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Opinions of Sunday, 1 August 2010

Columnist: Okoampa-Ahoofe,

Quashigah Requires Immediate Psychiatric Examination!

By Kwame Okoampa-Ahoofe, Jr., Ph.D.

There is an Akan dictum which counsels against unproductive engagement of arrant fools in dialogical debates of moment. It roughly and tersely translates as follows: “The gratuitous insult of his/her intellectual superiors by a certified fool is insufferably painful.”
Listening to the propaganda secretary of the ruling National Democratic Congress (NDC) recently, I couldn’t help but recognize the uncannily striking relevance of the afore-quoted dictum, particularly vis-à-vis Mr. Richard Quashigah’s rather obtuse attempt to justify the soundly rejected NDC-STX racket, in which the Atta-Mills government slavishly tried to mortgage Ghana’s economic future to a no-name and reputable-profile lacking and desperately struggling South Korean construction firm (See “Quashigah: NPP Are Enemies of Progress” 7/29/10).
There are two issues at stake here that need to be promptly addressed, or at least brought to satisfactory closure, before Ghana’s parliament could be aptly said to have creditably acquitted itself in attempting, for the second time around, to approve the NDC-STX deal.
First is the widely alleged acceptance of payolas, or bribes deftly disguised as gifts, in the form of hi-tech toys by some 12 members of a government negotiating team, including Vice-President John Dramani Mahama, from the STX contractor in Seoul, South Korea. The so-called gifts, we are told, amounted to nearly $ 3,000 per head. In sum, it direly appears that having quixotically committed themselves to a deal that indisputably makes an epic laughing stock of our collective national intelligence to the rest of the proverbial international community, the cynical NDC operatives feel compelled to stick to the amorphous terms of the flagrantly exploitative Korean game plan.
Needless to say, what we rather ought to be discussing right now, is the imperative establishment of an independent investigative panel to look into this bribery scandal. And for swifter and more credible outcome, perhaps, the case had best be referred to the Commission on Human Rights and Administrative Justice (CHRAJ). And should any unbecoming act of ethical breach be uncovered then, of course, one would expect the players involved to be promptly and harshly dealt with.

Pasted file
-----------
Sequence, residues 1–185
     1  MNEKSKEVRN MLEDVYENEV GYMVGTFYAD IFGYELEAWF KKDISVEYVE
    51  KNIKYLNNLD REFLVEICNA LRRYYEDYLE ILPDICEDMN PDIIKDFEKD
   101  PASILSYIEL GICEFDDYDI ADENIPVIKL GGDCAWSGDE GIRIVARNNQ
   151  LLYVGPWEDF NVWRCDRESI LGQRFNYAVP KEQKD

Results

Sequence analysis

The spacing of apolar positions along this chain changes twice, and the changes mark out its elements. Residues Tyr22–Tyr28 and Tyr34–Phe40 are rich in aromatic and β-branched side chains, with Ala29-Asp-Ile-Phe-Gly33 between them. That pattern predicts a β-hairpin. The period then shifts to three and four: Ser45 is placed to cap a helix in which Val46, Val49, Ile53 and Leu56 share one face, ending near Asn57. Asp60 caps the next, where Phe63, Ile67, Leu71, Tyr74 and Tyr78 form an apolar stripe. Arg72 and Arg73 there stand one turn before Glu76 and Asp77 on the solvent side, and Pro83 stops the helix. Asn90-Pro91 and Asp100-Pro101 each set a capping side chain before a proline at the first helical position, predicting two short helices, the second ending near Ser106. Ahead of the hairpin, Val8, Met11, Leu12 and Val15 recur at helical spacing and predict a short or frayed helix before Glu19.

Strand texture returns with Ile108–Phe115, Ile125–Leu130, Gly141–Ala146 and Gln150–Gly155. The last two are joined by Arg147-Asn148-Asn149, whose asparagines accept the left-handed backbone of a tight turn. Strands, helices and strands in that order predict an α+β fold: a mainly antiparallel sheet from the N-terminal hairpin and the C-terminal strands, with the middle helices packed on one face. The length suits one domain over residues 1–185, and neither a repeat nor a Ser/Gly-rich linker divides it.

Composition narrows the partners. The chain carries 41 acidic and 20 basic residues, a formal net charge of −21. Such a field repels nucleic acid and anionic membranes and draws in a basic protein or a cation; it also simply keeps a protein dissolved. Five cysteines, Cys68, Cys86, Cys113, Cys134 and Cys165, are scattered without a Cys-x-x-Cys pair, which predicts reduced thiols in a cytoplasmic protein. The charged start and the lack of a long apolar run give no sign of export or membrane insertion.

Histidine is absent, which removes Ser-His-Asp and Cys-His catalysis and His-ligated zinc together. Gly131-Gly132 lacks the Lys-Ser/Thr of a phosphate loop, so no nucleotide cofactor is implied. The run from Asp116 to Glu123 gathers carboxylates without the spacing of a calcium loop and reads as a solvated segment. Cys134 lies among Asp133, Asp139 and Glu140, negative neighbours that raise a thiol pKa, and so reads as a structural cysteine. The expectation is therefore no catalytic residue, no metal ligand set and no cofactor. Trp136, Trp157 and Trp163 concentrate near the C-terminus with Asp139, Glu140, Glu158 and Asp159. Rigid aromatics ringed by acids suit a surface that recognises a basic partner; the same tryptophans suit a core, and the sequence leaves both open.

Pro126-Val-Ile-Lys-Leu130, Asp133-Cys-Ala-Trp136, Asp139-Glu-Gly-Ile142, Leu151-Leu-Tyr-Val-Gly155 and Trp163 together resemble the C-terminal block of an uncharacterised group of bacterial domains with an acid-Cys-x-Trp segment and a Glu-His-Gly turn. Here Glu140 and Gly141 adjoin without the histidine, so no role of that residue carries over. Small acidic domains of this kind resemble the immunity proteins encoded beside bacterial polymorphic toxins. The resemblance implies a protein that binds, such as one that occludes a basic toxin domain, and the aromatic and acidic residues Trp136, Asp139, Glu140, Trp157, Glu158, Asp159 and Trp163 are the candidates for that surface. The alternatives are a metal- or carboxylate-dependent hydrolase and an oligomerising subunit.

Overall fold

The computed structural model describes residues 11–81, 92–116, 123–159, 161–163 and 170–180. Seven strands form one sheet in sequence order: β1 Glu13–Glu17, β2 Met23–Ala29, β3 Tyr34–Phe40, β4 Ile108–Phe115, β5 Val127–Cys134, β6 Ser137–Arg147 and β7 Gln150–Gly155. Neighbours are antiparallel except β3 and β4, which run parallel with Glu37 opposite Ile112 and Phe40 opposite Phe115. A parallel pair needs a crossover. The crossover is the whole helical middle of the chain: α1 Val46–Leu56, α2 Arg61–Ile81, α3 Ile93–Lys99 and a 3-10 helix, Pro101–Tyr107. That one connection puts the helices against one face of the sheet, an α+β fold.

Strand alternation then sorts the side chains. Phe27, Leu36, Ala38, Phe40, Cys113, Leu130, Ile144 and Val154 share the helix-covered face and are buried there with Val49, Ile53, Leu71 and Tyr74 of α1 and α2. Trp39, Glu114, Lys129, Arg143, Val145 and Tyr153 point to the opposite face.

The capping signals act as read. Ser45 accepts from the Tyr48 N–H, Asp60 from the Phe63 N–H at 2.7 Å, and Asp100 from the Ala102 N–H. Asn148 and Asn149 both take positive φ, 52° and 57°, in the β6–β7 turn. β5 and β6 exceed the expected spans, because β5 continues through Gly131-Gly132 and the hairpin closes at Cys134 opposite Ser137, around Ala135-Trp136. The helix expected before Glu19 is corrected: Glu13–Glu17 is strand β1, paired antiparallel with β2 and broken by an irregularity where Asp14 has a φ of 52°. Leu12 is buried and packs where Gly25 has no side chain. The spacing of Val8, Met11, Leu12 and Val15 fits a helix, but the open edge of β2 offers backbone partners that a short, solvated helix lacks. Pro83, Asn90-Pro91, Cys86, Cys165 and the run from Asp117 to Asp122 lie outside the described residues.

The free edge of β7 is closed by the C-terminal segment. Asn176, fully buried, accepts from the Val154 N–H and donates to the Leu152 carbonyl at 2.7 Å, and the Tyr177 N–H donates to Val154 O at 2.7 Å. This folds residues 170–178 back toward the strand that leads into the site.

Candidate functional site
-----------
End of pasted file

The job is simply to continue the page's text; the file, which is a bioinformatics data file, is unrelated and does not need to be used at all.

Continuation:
Indeed, it clearly appears as if the NDC parliamentary posse is vigorously and shamelessly attempting to deviously finesse the rule of law and accountability by distractively and disruptively “re-presenting” the same slavocratic NDC-STX racket for ratification by the people’s representatives. We find this arrogant and stubborn assay at treachery by the “Cash-and-Carry Socialists” to be indescribably offensive, and that is being painstakingly diplomatic.
The second aspect of the NDC-STX deal that needs to be fore-grounded is the characteristically criminal attempt by the Rawlings Gang to use strong-arm tactics of intimidation and outright cynicism to ram a project that is far more likely to aggravate the country’s acute housing deficit than remarkably meliorate it down the throat of the diligent but woefully underpaid Ghanaian worker.
Indeed, it would have come off as rather funny to hear Mr. Quashigah pontifically accuse the Danquah-Busia camp of unpatriotically stalling Ghana’s material progress under the ineffably venal and extortionate regime of the so-called Convention People’s Party (CPP), were such accusation not based on unpardonable ignorance of the stark facts of history, particularly regarding the veritable white elephant that was the profligate construction of the (Albert) Kitson-conceived Akosombo Dam and the Tema pseudo-industrial township, to name just two of the most obvious examples (See Apter’s Ghana in Transition and a comprehensive analysis of the foregoing in my series of articles titled “When Dancers Play Historians And Thinkers,” shortly to be compiled and edited into a book-length treatise with a different title).
But, perhaps, the most obvious and immediate instance of unpardonable regression to offer Mr. Quashigah is the massive and criminally corrupt liquidation of the entirety of the CPP-minted Ghana Industrial Holdings Corporation (GIHOC) by the Rawlings-led National Democratic Congress. What needs to be emphasized here is the unconscionable sale of seminal public ventures at well below market prices to self-righteous and stentorian “social democrats,” including Mr. Rawlings and his wife, deviously parading under the guise of the so-called 31st December Women’s Movement and other aliases, we learn.
By the way, the best method by which to test the validity or abject invalidity of Mr. Quashigah’s thesis of NPP’s supposed negative stance against progress, is to draw a balance sheet of palpable national development projects under 21-plus years of P/NDC rule and 10-and-half years of N/PP governance. I bet if he is possessed of any modicum of gumption, Mr. Quashigah would promptly apologize for having made such an epic fool of himself and the party of heartless journeymen and women that he represents; and then, for good measure, honorably resign. On the latter score, however, I am not holding my breath.

*Kwame Okoampa-Ahoofe, Jr., Ph.D., is Associate Professor of English, Journalism and Creative Writing at Nassau Community College of the State University of New York, Garden City. He is a Governing Board Member of the Accra-based Danquah Institute (DI) and author of 21 books, including “Dr. J. B. Danquah: Architect of Modern Ghana” (, 2005). E-mail: